The student union was busy but subdued. Most students chatted quietly over an evening coffee. A few sat quietly by themselves, studying their textbooks or reading on Kindles or tablets. All around them — posted on the walls, pinned to the bulletin boards — hung faces, the word MISSING stamped above. A few flyers were crisp, new, but most had wrinkled or torn, the smiling image faded, glasses, missing teeth and less appropriate drawings written, in that familiar purple ink, over faces now forgotten. Those eyes which had not been scribbled out followed Prof. Okafor as she walked down the hall, the weight of them slowing her pace. The exit, with its clear glass doors, welcomed her, but as it closed behind her, she saw Sacha and Peytie interrupting one of the silent readers, pulling the Kindle from his hands as the faces on the flyers watched. Prof. Okafor forced herself to keep walking.

She instinctively gripped the collar of her coat to keep it closed against the bitter December wind as she hurried through the quad, but the wind was not nearly as cold as it should have been for this time of year. Several students were even wearing t-shirts, making her feel even more conspicuous in her tweed coat. They all seemed to be watching her, like the flyers in the student union. Fortunately, the walk to the English building was short and the stretch to the faculty wing very quiet.

Three of the full-time faculty offices remained vacant. As she passed the small, empty kitchen, Prof. Okafor remembered her first year as a full-time faculty member, tenure track. Each evening, before most had left for the day, she and her fellow instructors would gather over cups of coffee, or in Prof. Mayberry’s case tea, discussing the latest NY Times bestseller list or, more likely, gossiping about the adjuncts. In two decades of higher education, Mayberry, the longest-serving faculty member, thought she had seen everything.

Prof. Okafor stopped outside Mayberry’s office. Janitorial had still not come by — likely on the SCOI’s orders — and the door remained covered in chewing gum, spray paint, and feces, the messages racist, misogynist, bigot still visible, a warning to the rest of the department. Prof. Okafor continued to her own office in case anyone should pass by and catch her staring.

She kept the door open as she grabbed a stack of papers that needed grading and shut down her computer. Her hand kept slipping off the mouse as she tried to click on the Start bar. She gave up and pressed the power button on the hard drive instead. Sacha’s question had unnerved her more than she expected. She knew he would ask — he was asking everyone — but she couldn’t shake the feeling she had given something away. That stumble kept replaying in her mind. She’d merely caught her heel on the carpet, but what if they saw it as something more? Was it something more? She shoved the ungraded papers in her bag along with her empty tumbler. Then she contemplated taking more. There wasn’t much. Almost all of her books had already been removed, and several posters as well, in keeping with SCOI guidelines. Except for a few course books, only a set of Harry Potter occupied the once-full shelves. She reached for them then stopped. It would be too suspicious, she thought. Besides, of course she was coming back. She reached for the light switch, hesitated, then grabbed the framed family portrait off her desk.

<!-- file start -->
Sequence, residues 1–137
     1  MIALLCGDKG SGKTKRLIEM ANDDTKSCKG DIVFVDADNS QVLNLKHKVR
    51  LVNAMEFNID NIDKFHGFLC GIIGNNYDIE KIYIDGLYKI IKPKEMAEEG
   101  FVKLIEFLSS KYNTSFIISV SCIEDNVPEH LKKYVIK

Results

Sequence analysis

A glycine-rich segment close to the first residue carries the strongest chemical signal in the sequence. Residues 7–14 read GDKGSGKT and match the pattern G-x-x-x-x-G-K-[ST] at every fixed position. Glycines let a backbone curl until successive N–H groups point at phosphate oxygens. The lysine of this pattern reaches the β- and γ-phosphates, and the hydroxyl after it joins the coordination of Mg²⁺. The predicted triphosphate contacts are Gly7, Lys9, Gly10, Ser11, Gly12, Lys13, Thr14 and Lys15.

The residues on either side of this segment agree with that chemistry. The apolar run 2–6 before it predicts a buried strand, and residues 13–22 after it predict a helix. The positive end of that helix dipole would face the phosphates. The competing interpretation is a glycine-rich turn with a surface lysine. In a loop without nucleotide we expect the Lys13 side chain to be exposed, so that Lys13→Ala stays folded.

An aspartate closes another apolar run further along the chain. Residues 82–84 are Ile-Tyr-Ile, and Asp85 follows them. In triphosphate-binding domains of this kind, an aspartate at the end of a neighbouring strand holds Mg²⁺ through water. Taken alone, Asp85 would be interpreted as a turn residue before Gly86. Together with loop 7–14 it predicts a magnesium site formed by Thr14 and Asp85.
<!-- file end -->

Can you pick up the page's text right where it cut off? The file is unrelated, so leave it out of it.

The faculty parking lot was only a five minute walk away, and her heavy tote bag banged against her side with every step. Campus seemed emptier than it had been only fifteen minutes ago, or was she imagining things? She quickened her pace. Her car waited for her in its normal spot — second row, fourth space — and she had gone so far as to unlock the door when…

“Professor. Professor, wait!” The young woman came running down the steps into the lot, a headscarf partially obscuring her face.

The pepper spray was in her coat pocket, but hindered by her bag, she couldn’t reach it. Prof. Okafor quickly loaded her bag into the car.

“Professor, wait!”

But Prof. Okafor did not pause. “What are you doing here, Farhat?”

“I had a question…”

Prof. Okafor slammed the door shut. “You can’t ask me here. You know that.” She looked up and down the length of the parking lot, searching for members of the SCOI.

“I was careful. I watched the student union the whole time. They’ve all gone back to the dorms.”

“You can’t know that. You can never know that.” She refused to look at Farhat and walked around to the driver’s side door.

“But I wanted to ask about the assignment…”

“You have a question, you ask me off-campus on the secure network like everyone else. Goodnight, Farhat.”


“Goodnight.” She climbed into the car and started it immediately, only glancing at Farhat to make sure she wouldn’t hit the girl as she pulled out. She didn’t even pause to plug in her phone, even though the battery was down to 17%. She drove down the tree-lined drive that led to Main Street, a once beautiful view now marred by the effigies of former faculty that hung from the branches. At the end of the drive, she looked left to make sure she could safely turn. A straw-filled purple Converse sneaker — identical to the ones Kathy wore — dangled in the corner of her eye. From Main Street, Prof. Okafor entered the highway and drove as fast as her Prius allowed.